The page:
• A lesson plan included an introductory
PowerPoint with suggested ground and
feedback rules and guidance for facilitators.
• Actor training was evaluated.
• Representative sample of 300 students [290
returned, reduced to 271 by ‘missing data’]
completed anonymous Pre- and Post-session
quantative confidence survey adding
• Facilitators and actors were asked to
contribute to the evaluation process.
Quantitative Data Analysis
• 82 students participated in sessions and 196
observed giving feedback. Data analysis indicated
that both participants and observer’s confidence
increased after the sessions building on existing
Faculty knowledge (O’Boyle-Duggan, 2012).
• Larger ‘effect size’ for participants statistically
significant increase across nursing Fields.
• “Talk to them and ask questions – will allow them
to open up. This session taught me to concentrate
solely on patient and relatives and them
expressing their concerns”.
• “Need practice to gain confidence and become
• “Really good to engage with a ‘real-life’ situation:
very beneficial to the care we will provide”.
• “I guess all of us have been in a situation where we
have been misunderstood by a nurse or doctor and it is
a great feeling to see all of these talented young people
really try to get to the bottom of a problem...”
• “Personally, I loved working as a role-player. It gave me
a chance to work a little more on my improvisation
skills and respond immediately to whatever the student
nurse came up with in the scenario. They seem to have
fully understood in theory how to approach a patient
and were very keen to try out everything they had
• The session pack was well received with
informal discussions on ways of gaining
• It was suggested the sessions may have
helped students in a gaining good scores in an
OSCE exam shortly after the Communication
Skills Simulation sessions.
• Smaller groups sizes were requested but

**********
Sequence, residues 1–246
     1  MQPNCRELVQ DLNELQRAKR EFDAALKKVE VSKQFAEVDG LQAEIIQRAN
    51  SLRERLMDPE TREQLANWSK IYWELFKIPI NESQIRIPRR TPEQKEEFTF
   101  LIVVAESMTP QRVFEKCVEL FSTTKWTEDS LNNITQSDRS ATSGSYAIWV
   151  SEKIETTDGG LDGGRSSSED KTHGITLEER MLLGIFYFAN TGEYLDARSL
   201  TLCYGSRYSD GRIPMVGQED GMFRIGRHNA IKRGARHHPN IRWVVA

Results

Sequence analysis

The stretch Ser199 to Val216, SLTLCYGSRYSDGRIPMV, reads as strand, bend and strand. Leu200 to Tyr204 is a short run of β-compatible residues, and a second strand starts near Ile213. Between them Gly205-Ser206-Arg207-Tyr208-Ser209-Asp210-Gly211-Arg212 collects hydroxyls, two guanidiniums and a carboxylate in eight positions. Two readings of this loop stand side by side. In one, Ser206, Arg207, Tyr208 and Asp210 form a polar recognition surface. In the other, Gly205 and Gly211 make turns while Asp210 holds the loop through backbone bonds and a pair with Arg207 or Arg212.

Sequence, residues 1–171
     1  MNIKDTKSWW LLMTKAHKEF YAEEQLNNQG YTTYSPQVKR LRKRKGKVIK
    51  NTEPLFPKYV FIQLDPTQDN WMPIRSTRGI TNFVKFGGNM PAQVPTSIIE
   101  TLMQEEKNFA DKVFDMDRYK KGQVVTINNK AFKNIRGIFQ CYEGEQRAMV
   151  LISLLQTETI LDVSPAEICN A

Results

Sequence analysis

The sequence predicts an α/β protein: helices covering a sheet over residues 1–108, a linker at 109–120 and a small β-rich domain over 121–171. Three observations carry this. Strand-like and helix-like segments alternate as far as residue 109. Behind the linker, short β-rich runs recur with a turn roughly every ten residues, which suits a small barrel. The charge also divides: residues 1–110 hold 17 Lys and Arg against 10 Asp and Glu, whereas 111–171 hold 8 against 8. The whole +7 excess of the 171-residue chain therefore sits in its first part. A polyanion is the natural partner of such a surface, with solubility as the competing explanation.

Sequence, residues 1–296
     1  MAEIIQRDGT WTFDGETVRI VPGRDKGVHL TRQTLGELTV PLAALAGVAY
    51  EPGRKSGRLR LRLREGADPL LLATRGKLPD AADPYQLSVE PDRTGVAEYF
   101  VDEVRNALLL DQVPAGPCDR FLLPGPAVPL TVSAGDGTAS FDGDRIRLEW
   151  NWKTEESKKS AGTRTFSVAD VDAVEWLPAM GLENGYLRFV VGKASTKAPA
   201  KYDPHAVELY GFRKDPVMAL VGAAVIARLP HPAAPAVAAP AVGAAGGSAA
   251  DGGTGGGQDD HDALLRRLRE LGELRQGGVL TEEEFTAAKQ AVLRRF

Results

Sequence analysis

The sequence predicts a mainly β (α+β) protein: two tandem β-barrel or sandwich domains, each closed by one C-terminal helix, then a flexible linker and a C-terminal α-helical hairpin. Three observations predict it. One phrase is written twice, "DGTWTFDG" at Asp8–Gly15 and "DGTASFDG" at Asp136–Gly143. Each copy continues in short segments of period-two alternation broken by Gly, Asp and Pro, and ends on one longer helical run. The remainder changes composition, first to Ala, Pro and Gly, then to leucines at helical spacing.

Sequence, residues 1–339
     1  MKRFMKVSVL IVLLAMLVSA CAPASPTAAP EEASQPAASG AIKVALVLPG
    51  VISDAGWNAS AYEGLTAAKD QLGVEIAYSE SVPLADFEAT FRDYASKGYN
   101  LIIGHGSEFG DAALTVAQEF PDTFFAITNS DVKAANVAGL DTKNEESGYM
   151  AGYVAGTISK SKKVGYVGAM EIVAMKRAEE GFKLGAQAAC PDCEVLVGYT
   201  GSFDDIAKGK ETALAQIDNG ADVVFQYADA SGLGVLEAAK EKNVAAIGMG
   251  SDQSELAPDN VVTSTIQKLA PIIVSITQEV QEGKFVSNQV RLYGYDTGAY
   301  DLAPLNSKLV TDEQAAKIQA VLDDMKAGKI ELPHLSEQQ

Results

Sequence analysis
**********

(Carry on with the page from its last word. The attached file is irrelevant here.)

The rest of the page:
practically this is difficult.
LEWIS D., O’BOYLE-DUGGAN M., CHAPMAN
J., DEE P., SELLNER K., GORMAN S. (2013)
‘Putting Words into Action Project’: using role
play in skills training. B J Nurs. Vol. 22 (11): 638-
Fallowfield L, Jenkins V, Farewell V, Saul J, Duffy A, Eves R (2002) Efficacy of a
Cancer Research UK communication skills training model for oncologists: a
randomised controlled trial. Lancet. Vol.359 Feb 22, pp.650-656.
Fallowfield L, Jenkins V, Farewell V, Solis-Trapala, I (2003) Enduring impact of
communication skills training: results of a 12-month follow–up. Br J Cancer.
O’Boyle-Duggan M, Grech J, Brandt R (2012) Effectiveness of live simulation of
patients with intellectual disabilities. J Nurs Edu. Vol 51(6): 335-342.
Maguire P, Booth K, Elliott C, Jones B (1996) Helping health professionals
involved in cancer care acquire key interviewing skills – the impact of
workshops. Eur J Cancer. Vol. 32A (9) 1486-1489.
Nursing and Midwifery Council (2011) Standards of Proficiency for Pre-
registration Nursing Education. Available from:- http://www.nmc-
registration-nursing-education/. Accessed on 24.7.12
Wilkinson S, Linsell I, Perry R, Blanchard K (2008) Communication skills
training for nurses working with patients with heart disease. British Journal of
Cardiac Nursing. 3 (10): 475-81.